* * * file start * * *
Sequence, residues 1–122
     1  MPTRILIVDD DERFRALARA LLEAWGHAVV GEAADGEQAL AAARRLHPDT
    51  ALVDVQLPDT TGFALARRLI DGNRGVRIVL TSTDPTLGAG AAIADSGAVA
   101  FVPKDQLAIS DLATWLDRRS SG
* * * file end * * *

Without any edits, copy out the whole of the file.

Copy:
Sequence, residues 1–122
     1  MPTRILIVDD DERFRALARA LLEAWGHAVV GEAADGEQAL AAARRLHPDT
    51  ALVDVQLPDT TGFALARRLI DGNRGVRIVL TSTDPTLGAG AAIADSGAVA
   101  FVPKDQLAIS DLATWLDRRS SG